1. Are you satisfied that all factors and data have been taken into account as part of your insurer's fair value assessment?

  2. Have you gathered data from all the parties involved in the distribution chain?

  3. How do your products and services compare to similar products in the market?

  4. Is the fair value to different groups achieved e.g. vulnerable customers?

  5. What corrective actions have your firm taken as a result of its fair value assessment?

  6. What data, MI and other sources is your insurer using to monitor the fair value on an ongoing basis? how regularly is this data reviewed?

The second aspect under the 4 outcomes involves products and services. In short, insurers must ensure that their products and services are well-designed and are for a purpose. They must meet the product design needs, characteristics and objectives of the customers in their target markets, including those with vulnerable characteristics. Distribution strategy for products and services must be appropriate for the target markets. Insurers will be required to carry out regular reviews to ensure that their products and services continue to meet the needs, characteristics, and objectives of their target markets. These rules apply to manufacturers of products and services. A manufacturer is defined as a party involved in the creation, development, issuance, management, operation, carry out and underwriting of a product or service. The requirements will apply to both a manufacturer's existing and new products. Insurers will be required to identify their target markets in dept, taking into account any potential harm associated with their products and services.

Key considerations for insurers

  1. Is the target market adequately defined for its products and services?

  2. Do your products meet the consumer needs, characteristics and objectives? If not, then what are your mitigation measures?

  3. Have you identified whether its products are services have features which could harm vulnerable consumers?

  4. Does your firm share all necessary information with other parties in the distribution channel?

  5. Are you monitoring whether your distribution strategies are being followed correctly?

  6. What data and MI is your firm using to monitor whether its products and services are continuing to meet the needs of its customers and contributing to good consumer outcomes?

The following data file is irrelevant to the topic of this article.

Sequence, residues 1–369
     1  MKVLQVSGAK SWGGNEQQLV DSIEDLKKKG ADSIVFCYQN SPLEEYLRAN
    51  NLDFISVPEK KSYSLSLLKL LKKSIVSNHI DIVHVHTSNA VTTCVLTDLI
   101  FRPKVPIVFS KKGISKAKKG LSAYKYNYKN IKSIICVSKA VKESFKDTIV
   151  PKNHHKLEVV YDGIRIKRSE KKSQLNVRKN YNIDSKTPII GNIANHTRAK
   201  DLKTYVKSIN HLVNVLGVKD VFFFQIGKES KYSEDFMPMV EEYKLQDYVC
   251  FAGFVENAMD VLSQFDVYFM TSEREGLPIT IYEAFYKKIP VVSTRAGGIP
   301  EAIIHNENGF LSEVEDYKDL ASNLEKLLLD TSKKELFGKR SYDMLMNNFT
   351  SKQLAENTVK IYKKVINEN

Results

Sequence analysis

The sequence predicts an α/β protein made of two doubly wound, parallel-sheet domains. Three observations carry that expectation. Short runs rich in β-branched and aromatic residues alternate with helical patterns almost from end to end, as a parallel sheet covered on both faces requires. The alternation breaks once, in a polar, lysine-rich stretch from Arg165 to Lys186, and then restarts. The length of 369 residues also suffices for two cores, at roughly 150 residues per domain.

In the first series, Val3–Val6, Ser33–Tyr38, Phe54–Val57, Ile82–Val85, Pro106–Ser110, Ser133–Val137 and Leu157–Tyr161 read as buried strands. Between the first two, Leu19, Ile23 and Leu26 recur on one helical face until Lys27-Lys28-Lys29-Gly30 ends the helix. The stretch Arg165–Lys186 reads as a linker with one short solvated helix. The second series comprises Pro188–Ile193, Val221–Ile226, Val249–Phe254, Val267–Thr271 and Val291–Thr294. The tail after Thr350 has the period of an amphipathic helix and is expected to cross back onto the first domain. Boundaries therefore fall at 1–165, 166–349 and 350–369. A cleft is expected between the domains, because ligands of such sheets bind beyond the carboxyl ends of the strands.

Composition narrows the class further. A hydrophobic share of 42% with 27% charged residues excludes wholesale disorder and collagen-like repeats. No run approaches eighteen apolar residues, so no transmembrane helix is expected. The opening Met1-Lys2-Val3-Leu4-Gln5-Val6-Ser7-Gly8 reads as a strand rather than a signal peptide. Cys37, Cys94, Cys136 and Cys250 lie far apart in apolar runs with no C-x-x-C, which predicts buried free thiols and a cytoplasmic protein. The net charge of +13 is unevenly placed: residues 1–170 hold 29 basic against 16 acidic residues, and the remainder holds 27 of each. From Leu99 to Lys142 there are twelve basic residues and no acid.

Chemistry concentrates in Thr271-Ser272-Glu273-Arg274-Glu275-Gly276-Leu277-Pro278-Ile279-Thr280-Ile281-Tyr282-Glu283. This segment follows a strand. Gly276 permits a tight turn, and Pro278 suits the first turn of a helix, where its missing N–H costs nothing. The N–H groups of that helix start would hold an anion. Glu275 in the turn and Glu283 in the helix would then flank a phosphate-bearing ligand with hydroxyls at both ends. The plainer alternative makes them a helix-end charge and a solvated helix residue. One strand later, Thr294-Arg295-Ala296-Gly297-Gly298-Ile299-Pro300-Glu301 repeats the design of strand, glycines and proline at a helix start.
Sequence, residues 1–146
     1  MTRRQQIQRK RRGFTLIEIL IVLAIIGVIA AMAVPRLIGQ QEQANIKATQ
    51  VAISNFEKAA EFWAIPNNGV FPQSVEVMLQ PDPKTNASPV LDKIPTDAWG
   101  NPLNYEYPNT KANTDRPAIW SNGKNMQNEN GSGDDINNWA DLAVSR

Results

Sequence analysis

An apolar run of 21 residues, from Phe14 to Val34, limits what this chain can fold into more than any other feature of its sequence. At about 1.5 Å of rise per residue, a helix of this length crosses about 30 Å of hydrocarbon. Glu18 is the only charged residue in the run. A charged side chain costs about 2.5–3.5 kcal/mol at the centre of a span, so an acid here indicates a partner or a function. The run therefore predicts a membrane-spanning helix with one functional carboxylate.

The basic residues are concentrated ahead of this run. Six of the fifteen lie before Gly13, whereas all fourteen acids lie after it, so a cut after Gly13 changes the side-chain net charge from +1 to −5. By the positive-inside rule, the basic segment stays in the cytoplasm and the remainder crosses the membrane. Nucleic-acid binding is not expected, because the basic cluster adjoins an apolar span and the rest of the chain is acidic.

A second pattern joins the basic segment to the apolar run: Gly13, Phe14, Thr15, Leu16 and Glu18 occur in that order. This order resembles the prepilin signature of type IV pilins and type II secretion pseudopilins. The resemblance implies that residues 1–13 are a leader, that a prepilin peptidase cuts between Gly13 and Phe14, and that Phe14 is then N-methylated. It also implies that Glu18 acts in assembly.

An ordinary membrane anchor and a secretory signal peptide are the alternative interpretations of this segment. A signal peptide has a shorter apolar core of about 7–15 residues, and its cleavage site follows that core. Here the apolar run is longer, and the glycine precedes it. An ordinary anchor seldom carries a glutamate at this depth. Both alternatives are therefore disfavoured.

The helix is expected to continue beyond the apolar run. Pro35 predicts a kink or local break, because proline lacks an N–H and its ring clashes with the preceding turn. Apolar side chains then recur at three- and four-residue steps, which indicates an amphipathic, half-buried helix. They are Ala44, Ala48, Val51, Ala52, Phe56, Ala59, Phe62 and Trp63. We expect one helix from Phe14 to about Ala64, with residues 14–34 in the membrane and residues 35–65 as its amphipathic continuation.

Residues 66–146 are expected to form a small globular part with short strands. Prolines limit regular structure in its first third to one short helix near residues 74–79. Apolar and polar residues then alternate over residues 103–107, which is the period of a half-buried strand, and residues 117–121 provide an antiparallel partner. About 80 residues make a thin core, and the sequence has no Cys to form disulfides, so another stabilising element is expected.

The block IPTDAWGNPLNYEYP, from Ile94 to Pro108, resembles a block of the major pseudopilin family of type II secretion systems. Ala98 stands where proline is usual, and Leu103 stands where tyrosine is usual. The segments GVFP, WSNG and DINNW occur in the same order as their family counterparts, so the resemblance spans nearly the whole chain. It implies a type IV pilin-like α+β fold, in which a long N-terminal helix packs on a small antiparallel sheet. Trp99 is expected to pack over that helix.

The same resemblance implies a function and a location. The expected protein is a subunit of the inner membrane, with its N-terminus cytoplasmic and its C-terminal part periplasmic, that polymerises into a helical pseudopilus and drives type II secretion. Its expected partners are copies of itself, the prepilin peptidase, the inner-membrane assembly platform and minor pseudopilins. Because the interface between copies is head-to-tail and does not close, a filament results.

The third of the 4 outcomes involves consumer understanding. Consumers can only be expected to take responsibility where the insurer's communication enables them to understand their products and services. Insurers should therefore support customers by helping them make informed decisions about their products and services. Customers should be given information that they need, at the right time, and presented in a way that they can understand. Communication should be tailored I.e. on a 1-2-1 sales basis. Again, the rules apply at every stage of the product or service lifecycle, from product design to marketing and post-sales.

Good practice:

- Layering: providing key information upfront with cross-referencing e.g. actions required by customer and consequences of inaction

- Engaging: communication should be designed in a way that it encourages consumers to engage with them e.g. making use of fonts, graphics, charts.

- Relevant: an appropriate level of detail is required e.g. simple mass product such as current account information will be different to highly specialised product

- Simple: avoid jargon or technical terms; explain key terms in simple form as this will help build consumer trust

- Well timed: delivery in a timely manner and at appropriate touch points throughout the product lifecycle so that customers can digest and assess the information.

Key considerations for insurers

  1. Is your firm applying the same standards and testing to deliver good outcomes as they do to sales?

  2. What insights is your insurer using to decide how best to keep customers engaged in the customer journey?

  3. How is your insurer testing the effectiveness of its communication? How is it acting on the results?

  4. How does the insurer adapt communication equally across all channels and types of customer groups?

  5. What data, MI and feedback do the insurer use for ongoing monitoring? How often is the data reviewed?